Greece was due to make a formal request for a loan extension from eurozone finance ministers yesterday, declaring itself “optimistic” about a compromise plan despite EU skepticism and the specter of a catastrophic “Grexit.”
Athens was expected to send a letter to Eurogroup President Jeroen Dijsselbloem to request an extension of up to six months on its European loan agreement that would sidestep the duties of a full-blown bailout.
Greek Finance Minister Yanis Varoufakis insisted a deal was still possible even after a firm pre-emptive “no” from EU paymaster Germany to its planned offer.
“We are on the right path. I am optimistic it will end well tomorrow or the next day,” Varoufakis told reporters on Wednesday.
“Our proposition will be written in such a way that it will cover both the demands of the Greek side and the head of the Eurogroup,” he said.
Europe and Greece are racing to reach a deal to avoid a Greek exit from the eurozone — dubbed a “Grexit” — after talks in Brussels ended in acrimony on Monday with both sides digging in their heels.
As the clock ticked down to a deadline today set by Dijsselbloem, US Treasury Secretary Jack Lew called Varoufakis to urge him to work on a deal based on the existing bailout agreement.
He told Varoufakis “failure to reach an agreement would lead to immediate hardship in Greece, that the uncertainty is not good for Europe, and that time is of the essence,” Lew said.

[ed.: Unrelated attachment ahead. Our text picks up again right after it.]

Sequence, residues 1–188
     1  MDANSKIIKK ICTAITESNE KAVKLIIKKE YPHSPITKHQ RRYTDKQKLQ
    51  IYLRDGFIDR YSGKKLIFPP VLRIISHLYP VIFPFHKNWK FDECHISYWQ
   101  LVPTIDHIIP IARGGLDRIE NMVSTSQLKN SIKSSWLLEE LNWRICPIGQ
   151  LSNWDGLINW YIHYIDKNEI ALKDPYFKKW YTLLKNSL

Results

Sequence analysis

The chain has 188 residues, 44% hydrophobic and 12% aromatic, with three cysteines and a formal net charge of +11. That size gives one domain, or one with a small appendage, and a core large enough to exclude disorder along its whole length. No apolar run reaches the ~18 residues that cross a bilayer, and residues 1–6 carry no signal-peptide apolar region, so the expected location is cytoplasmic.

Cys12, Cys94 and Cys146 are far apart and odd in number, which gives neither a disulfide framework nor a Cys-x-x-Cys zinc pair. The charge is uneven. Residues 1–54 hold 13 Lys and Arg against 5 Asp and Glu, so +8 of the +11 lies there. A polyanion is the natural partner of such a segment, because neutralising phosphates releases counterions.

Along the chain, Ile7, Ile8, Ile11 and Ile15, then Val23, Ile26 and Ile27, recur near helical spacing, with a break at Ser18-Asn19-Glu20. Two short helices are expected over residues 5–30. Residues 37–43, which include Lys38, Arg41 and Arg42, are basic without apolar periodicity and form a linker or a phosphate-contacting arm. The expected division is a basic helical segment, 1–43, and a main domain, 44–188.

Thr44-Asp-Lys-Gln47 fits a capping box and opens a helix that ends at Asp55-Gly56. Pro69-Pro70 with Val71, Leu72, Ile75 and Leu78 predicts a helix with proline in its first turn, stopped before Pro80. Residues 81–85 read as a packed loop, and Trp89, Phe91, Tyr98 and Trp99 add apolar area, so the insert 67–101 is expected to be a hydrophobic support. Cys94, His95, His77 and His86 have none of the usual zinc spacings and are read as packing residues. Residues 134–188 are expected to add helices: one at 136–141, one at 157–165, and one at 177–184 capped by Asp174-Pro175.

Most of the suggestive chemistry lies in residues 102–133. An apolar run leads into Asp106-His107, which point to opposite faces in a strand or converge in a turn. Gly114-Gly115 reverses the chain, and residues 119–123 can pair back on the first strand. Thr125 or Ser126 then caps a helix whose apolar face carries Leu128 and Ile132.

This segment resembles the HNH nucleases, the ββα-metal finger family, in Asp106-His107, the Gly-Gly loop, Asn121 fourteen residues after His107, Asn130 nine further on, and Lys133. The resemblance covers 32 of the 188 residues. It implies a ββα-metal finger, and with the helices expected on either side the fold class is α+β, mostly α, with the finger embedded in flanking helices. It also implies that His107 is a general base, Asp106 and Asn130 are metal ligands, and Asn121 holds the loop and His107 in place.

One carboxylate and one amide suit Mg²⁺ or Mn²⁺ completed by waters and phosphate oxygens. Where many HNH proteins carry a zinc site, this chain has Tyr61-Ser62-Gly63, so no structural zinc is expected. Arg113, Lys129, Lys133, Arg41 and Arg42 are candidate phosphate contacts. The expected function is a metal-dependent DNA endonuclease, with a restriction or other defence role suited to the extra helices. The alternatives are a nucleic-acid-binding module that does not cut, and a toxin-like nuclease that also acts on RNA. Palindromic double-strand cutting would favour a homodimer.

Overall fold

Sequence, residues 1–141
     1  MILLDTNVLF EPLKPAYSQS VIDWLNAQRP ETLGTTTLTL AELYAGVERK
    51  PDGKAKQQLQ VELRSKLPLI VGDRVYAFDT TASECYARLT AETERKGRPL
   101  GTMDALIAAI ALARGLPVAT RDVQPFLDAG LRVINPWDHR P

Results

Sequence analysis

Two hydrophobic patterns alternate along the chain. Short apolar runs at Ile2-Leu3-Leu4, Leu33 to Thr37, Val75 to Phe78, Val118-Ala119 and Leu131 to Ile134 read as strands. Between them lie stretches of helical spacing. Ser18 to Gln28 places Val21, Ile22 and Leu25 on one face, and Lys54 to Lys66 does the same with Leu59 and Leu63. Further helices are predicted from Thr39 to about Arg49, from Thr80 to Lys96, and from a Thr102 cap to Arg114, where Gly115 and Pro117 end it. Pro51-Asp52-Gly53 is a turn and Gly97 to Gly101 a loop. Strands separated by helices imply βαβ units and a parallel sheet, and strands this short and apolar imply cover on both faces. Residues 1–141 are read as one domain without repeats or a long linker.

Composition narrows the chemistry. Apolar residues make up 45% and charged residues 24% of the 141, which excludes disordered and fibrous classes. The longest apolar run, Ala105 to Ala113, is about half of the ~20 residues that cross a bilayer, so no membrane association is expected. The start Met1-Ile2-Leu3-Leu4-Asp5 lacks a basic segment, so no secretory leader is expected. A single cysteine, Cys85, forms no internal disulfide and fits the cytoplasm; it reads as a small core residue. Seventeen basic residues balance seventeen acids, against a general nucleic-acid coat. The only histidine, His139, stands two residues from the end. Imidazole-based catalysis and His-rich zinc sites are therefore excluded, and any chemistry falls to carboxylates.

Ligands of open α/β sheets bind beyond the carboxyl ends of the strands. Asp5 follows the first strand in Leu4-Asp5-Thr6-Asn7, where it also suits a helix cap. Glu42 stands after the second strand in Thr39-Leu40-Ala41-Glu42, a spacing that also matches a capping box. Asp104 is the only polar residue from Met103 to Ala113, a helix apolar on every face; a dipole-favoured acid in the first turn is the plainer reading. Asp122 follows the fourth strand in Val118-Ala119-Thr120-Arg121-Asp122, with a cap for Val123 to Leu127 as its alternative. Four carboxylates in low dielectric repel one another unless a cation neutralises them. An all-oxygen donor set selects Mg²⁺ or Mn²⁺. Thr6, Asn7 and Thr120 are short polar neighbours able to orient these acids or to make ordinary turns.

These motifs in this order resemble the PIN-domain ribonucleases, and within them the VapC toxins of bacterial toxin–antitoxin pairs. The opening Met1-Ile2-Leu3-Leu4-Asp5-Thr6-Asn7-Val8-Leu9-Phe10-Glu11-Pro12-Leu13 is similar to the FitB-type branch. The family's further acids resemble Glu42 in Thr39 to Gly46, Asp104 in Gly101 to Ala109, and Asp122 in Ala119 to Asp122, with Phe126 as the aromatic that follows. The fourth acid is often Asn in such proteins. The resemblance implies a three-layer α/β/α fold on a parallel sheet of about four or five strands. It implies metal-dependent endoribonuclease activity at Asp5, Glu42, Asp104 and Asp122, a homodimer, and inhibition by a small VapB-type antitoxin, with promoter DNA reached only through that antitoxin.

The European Commission’s vice president for the euro, Valdis Dombrovskis, said efforts were under way to forge a compromise by finding “common ground for an extension of the current program.”
He said that “the best way forward is to extend the existing program with its conditionality.”
A spokesman for German Finance Minister Wolfgang Schaeuble had earlier said any extension of international loans was “inextricably” linked to reforms agreed by Athens under its 240 billion euro (US$270 billion) bailout.
Schaeuble has accused Athens of wanting something for nothing and has urged Greek Prime Minister Alexis Tsipras to “tell the Greeks the truth: there is no fast way out.”
Meanwhile Greece’s parliament elected pro-European and veteran conservative Prokopis Pavlopoulos as president late on Wednesday in a bid to draw much-needed cross-party support to the debt negotiations.
The chaos surrounding the debt talks has alarmed analysts, with economists at Commerzbank now predicting that a Greek exit from the euro was 50 percent likely.
However, in good news for Greece, the European Central Bank decided to extend and increase the amount of emergency liquidity available to Greek banks, according to a bank source.
The ceiling for emergency assistance to Greek commercial banks had been raised to 68.3 billion euros from 65 billion euros previously, the source said.
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